Questions: Email info@occurnow.org, or call (510) 839-2440

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Black History

COMMENTARY: A Reflection on Motherhood

mothers are brave, courageous, and will stand by their children through thick and thin, regardless of whether they are successful, or even those who have fallen by the wayside. Christian mothers have a strong belief in God – somehow, God will make a way out of no way. Even when going through trials and tribulations Christian mothers will be singing – “Troubles don’t last always.”

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Rev. Dr. Martha C. Taylor

Mother’s Day is a very special day in all communities.

It’s that time of year when the sale of Hallmark cards quadruples, teleflorists spike the price of flowers and See’s Candies hires extra workers. Even with a reservation, restaurants make you wait in long lines.

Mother’s Day is a time set aside to show the one you call ‘mother’ special appreciation with gestures of love.

African Americans embrace motherhood in unique ways. There are biological mothers, stepmothers, foster mothers, and guardians. We have enduring terms for ‘mother’ such as Madea and Mama. The strength of mothers comes in all sizes. Big Mama can be short, 4’5” and is still be called Big Mama. Lil’ Mama can be 5’9”, and still be called Little Mama. It is not unusual, for grandmothers to be first responders and caregivers for their grandchildren.

For the most part, mothers are brave, courageous, and will stand by their children through thick and thin, regardless of whether they are successful, or even those who have fallen by the wayside. Christian mothers have a strong belief in God – somehow, God will make a way out of no way. Even when going through trials and tribulations Christian mothers will be singing – “Troubles don’t last always.”

Mother’s Day also brings a mixture of happy and hurt feelings. For many, Mother’s Day is a reminder that mother is no longer here. In some cases, a mother’s only child has died. One mother told me this would be the first year without her son who passed away last year from COVID-19. The death of a child does not mean you are not a mother anymore.

Some mothers are doing double duty raising their grandchildren. Some men, as single parents, have assumed the role of both father and mother. All mothers are not “mothers of the church” wearing white dresses, big hats with special reserved seats.

Still others have assumed the role of mother through adoption or by extended family.

The population of homeless mothers has significantly increased. Some are living with children in broken down automobiles trying to make ends meet for their family while the system professes to be doing a study of their plight. Some mothers are in convalescent homes, many tucked away out of eyesight of the family. Still others are blessed to have family visits.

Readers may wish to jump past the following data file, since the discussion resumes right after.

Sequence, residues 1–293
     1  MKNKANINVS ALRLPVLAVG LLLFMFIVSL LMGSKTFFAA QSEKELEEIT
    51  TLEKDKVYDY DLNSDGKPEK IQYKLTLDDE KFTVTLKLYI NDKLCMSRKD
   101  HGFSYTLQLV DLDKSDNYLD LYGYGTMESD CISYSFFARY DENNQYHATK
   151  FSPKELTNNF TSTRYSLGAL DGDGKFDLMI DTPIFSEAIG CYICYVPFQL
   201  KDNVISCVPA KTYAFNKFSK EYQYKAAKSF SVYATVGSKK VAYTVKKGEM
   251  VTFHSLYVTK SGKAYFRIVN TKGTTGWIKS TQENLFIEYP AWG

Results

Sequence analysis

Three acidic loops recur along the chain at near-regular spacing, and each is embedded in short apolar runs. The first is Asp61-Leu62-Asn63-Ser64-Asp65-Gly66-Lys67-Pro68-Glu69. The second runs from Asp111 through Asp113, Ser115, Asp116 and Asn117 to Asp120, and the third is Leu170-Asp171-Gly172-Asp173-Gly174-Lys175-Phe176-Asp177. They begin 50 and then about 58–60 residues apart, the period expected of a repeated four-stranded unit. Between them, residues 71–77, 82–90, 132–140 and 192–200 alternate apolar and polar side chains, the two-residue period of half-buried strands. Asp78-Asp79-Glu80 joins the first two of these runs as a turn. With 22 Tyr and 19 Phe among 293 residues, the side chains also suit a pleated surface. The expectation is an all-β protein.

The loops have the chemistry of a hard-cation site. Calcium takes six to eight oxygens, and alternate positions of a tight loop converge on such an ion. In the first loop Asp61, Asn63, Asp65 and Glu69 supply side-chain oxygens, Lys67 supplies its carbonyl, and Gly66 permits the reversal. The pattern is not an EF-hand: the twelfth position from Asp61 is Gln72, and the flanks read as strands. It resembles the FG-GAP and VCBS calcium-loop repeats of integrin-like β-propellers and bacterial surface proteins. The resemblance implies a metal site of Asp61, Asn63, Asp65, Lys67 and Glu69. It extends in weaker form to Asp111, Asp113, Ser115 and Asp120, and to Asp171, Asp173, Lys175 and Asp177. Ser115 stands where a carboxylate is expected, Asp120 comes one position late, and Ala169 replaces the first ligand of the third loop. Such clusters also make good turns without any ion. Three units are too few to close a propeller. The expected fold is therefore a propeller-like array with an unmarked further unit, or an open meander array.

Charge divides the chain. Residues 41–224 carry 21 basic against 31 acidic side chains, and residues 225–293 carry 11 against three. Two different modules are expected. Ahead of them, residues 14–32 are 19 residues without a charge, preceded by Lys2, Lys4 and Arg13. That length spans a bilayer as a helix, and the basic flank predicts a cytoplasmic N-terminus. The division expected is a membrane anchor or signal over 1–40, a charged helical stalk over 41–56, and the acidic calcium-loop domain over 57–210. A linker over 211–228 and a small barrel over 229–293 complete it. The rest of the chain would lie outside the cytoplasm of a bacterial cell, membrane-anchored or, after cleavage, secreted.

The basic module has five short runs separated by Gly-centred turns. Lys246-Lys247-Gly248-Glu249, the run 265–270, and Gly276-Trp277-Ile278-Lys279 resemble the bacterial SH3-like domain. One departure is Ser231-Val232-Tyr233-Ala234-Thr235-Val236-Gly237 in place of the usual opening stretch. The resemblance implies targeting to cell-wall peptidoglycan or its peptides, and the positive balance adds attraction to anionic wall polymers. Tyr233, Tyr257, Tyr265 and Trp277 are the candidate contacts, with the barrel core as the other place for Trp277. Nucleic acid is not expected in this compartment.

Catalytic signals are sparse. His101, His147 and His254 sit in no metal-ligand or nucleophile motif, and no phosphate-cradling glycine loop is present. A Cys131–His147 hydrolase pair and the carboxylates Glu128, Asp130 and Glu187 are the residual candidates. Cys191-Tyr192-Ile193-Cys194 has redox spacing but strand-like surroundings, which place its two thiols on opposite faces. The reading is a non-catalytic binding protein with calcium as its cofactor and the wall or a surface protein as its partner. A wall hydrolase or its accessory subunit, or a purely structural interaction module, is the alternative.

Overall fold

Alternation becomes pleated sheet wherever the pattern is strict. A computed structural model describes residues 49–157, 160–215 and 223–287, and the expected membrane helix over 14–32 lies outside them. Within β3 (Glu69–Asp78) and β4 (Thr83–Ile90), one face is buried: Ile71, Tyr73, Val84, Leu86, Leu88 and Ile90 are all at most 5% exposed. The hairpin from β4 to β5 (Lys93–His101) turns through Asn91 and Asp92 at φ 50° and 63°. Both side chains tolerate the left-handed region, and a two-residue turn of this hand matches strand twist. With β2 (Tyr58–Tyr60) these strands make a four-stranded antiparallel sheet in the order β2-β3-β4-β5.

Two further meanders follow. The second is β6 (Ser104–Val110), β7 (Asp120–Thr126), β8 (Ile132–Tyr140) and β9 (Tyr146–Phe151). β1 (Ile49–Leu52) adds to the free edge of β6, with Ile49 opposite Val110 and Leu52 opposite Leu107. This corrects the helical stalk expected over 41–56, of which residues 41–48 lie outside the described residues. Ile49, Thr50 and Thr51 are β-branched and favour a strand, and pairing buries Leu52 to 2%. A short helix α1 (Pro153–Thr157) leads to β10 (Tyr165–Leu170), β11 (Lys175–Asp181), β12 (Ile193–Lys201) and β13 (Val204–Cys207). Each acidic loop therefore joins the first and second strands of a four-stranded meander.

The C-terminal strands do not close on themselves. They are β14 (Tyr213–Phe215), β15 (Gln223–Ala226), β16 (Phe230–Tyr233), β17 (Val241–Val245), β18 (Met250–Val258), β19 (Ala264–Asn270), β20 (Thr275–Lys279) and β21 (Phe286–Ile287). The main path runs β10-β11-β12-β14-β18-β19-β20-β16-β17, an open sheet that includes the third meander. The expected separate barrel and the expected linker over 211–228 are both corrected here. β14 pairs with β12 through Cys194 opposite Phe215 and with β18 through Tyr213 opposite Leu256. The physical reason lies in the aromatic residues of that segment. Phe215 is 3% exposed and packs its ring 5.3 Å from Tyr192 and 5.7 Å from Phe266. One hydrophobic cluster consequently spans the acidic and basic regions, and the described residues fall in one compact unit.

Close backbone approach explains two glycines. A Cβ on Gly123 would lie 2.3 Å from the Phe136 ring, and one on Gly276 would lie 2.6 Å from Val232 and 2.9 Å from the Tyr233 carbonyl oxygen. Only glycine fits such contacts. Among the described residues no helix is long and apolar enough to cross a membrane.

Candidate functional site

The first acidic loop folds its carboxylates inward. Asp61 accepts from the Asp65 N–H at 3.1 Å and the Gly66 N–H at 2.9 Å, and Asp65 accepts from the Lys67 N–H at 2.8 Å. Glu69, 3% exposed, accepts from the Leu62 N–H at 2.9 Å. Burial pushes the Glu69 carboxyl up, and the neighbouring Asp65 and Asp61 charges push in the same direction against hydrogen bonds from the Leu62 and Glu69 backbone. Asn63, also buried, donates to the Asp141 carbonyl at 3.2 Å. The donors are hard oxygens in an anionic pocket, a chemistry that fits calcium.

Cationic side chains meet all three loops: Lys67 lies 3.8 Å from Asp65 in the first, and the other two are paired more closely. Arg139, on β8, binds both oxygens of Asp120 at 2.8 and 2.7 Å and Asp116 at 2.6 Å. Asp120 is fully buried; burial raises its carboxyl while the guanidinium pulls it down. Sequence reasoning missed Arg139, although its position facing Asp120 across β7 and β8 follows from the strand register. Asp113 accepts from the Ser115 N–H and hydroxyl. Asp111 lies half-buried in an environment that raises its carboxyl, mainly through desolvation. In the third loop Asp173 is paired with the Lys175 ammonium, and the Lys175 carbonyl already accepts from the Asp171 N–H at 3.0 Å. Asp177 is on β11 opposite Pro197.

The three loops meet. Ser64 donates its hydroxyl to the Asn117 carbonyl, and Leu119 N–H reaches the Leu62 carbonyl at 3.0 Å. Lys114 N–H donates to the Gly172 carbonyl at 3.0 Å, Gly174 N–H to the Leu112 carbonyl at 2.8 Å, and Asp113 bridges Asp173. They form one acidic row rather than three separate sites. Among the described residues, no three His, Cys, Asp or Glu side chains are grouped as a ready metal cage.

Our hearts grieve especially for mothers who are imprisoned; they decorate their prison walls with pictures of their children.

Songwriter-rapper Tupac Shakur wrote musical lyrics about his mother who struggled to raise him through poverty. Shirley Caesar, a famous gospel singer, wrote the song “No Charge” in response to the little boy who was going to charge his mother for doing chores around the house.

The lyrics to the song “I’ll Always Love My Mama,” by the R&B group The Intruders, is a Black man’s testimony on the love of Mother.

“She’s my favorite girl, (You only get one, you only get one, yeah)

She brought me in this world.

She taught me little things like ‘Say hello’ and ‘thank you’ and ‘please’ while scrubbing those floors on her bended knees.”

A walk back in history is a reminder of the horrific experiences Black mothers endured that started in the Middle Passage during the Transatlantic Slave Trade era and continues in many ways.

The auction block, a place where enslaved African people were treated as material where families were torn apart and sold to the highest bidder. Black women were forced to be slave breeders to keep the slave industry alive. Children grew up motherless while being forced to toil and labor under the yoke of slavery.

But through it all, there is a strong belief within most Black mothers that God has not abandoned them. The hand of God elevated Black mothers from slave pits to the White House when Michelle Obama, became First Lady of America.

The bond and love between Michelle and her mother was so strong that Marian Shields Robinson retired early to live in the White House to be close to her grandchildren. Michelle and Mother Robinson wanted the sense of normalcy a genuine Black grandma could bring to the everyday life of her grandchildren.

One thing we do know, the only earthly DNA connected to Jesus came from an unwed teenager, whom God chose to be the mother of Jesus. Thirty-three years later, Mary stood at the foot of the Cross and watched the crucifixion of her son, Jesus.

And lastly, Mary is not the only one to see the light go out of her child’s eyes. Thousands of Black mothers have endured the crucifixion of their young sons and daughters through police brutality. Every Mother is special in some way.

Happy Mother’s Day.